An auction house in Launceston is selling Nazi memorabilia on behalf of a client, provoking outrage from the national Anti-Defamation Commission, which is calling for the immediate removal of the "grisly items" from its shelves.
Armitage Auctions will be attempting to auction off several items of Nazi memorabilia on Wednesday, including a Hitler Youth belt buckle, an SS officer's ring and a Luftwaffe officer's parade sash lock.
Auctioneer Neil O'Brien said the man who was selling the items had been collecting material of this kind for the last 20-30 years and was "a really nice chap".
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"He hated what happened in the war," Mr O'Brien said.
"[Armitage Auctions] condemns what happened in the war.
"But, at the end of the day, there are many historic events - atrocities - that have happened, where things that are related to that moment in time ... become very collectible.
"Until [governments] bring legislation in on selling a lot of these things, we've got to morally make a decision on whether we sell them or not - but if we don't sell them, somebody else will."
Mr O'Brien said the auction house was "sympathetic" to those who might be upset by its decision to sell the items in question.
Anti-Defamation Commission chairman Dvir Abramovich said Armitage Auctions had chosen "profits over doing the right thing by Holocaust survivors and the diggers who gave their lives to defeat the Nazis".
"[Armitage Auctions] will not get a free pass on this issue and for trampling and degrading the memory of the victims," Dr Abramovich said in a statement.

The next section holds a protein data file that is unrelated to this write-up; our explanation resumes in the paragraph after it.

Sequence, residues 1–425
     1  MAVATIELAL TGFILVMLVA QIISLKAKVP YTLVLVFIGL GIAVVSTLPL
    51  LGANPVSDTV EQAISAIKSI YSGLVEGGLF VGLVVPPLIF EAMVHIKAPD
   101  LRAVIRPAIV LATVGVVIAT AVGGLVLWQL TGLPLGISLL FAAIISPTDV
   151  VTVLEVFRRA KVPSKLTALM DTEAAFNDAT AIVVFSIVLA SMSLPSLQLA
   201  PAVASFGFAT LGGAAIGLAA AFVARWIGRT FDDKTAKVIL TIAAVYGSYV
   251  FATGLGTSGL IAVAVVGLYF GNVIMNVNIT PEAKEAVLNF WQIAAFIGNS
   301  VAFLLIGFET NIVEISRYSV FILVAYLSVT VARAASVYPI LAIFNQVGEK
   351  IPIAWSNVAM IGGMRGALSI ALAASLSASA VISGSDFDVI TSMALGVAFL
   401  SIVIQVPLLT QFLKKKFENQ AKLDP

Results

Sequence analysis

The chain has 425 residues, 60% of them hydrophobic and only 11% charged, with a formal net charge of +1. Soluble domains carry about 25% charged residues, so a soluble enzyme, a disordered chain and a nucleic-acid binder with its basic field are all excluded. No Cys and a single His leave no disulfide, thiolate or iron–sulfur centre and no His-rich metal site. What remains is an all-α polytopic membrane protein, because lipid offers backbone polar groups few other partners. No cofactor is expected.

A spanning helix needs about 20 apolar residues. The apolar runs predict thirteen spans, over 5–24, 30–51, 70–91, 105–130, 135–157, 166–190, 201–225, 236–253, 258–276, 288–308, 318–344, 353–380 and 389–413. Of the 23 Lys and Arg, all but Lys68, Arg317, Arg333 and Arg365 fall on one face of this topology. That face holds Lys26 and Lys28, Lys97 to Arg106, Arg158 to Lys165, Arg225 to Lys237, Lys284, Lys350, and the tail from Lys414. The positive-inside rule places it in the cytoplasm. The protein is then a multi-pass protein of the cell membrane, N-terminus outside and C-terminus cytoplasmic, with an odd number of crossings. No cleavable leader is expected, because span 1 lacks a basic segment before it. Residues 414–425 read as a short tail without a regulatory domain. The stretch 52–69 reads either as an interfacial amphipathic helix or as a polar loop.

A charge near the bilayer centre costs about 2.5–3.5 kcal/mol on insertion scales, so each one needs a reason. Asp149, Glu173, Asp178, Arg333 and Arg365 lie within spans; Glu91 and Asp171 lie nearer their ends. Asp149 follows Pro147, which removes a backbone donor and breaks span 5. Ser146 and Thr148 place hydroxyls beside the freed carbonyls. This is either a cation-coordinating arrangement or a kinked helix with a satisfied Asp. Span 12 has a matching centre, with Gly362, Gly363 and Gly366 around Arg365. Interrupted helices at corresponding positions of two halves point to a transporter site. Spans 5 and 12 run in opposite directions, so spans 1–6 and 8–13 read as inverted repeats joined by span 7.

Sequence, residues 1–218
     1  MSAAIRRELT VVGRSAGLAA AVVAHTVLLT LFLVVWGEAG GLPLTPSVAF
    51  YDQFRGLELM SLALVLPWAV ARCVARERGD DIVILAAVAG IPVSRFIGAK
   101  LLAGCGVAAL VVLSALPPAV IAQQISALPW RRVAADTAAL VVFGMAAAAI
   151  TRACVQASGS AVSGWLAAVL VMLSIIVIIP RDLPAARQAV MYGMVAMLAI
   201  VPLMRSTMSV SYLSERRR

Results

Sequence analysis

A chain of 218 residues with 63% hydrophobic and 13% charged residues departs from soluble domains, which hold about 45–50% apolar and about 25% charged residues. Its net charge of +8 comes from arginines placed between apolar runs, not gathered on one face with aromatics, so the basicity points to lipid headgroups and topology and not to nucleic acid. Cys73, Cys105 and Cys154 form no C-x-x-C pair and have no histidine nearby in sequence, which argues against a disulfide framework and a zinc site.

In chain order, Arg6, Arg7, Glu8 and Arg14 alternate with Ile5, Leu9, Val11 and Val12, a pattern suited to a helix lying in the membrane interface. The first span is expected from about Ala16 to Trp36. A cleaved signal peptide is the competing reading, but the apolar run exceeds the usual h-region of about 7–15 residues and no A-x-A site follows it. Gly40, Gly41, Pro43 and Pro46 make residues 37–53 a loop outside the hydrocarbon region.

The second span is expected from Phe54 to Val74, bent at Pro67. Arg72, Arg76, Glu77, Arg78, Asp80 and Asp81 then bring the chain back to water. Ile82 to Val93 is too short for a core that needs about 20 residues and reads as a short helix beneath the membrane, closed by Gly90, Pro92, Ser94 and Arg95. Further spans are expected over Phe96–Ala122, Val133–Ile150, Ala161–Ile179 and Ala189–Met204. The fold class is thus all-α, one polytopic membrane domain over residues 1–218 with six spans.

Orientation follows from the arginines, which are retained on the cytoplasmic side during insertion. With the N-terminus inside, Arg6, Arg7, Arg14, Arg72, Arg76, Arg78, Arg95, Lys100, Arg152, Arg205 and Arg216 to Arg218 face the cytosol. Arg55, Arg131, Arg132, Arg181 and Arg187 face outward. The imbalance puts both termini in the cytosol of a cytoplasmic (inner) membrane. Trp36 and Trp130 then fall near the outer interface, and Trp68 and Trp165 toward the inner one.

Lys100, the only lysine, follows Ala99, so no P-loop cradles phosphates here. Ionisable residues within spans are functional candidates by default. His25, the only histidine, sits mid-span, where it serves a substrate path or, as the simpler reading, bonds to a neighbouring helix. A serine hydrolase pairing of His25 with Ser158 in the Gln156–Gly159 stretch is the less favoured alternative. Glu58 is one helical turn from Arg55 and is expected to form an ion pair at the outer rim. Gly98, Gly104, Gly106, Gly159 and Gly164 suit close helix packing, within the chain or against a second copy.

"Mainstreaming the devil's tools and trafficking in death is flat-out sickening and must never become normal in Tasmania.
"We know that in the real world, anti-Semitic incitement, as represented by this paraphernalia, often results in violence and deadly attacks, and as we witness the growing threat of white supremacist organisations in our nation, we know that such groups have an appetite for these relics."
Dr Abramovich called on Armitage Auctions to "pluck up the ethical courage required and to immediately withdraw these grisly items from their shelves".
The Tasmanian Greens have also urged Armitage Auctions to reconsider its position on selling the items and pressured the state government to consider introducing a ban on the sale of Nazi memorabilia in Tasmania.
"It is one thing not to forget the past to ensure we don't repeat its mistakes; it's another to highlight and try to make money out of the Holocaust," Greens leader Cassy O'Connor said.
Attorney-General Elise Archer said the state government "strongly condemns" actions which "commemorate or seek to legitimise the Nazi movement".
"Any decision to offer Nazi related memorabilia for sale in our state would not be welcomed by the Tasmanian community.
"I strongly urge any individual or organisation in Tasmania to think twice about seeking to profit from the sale of such items."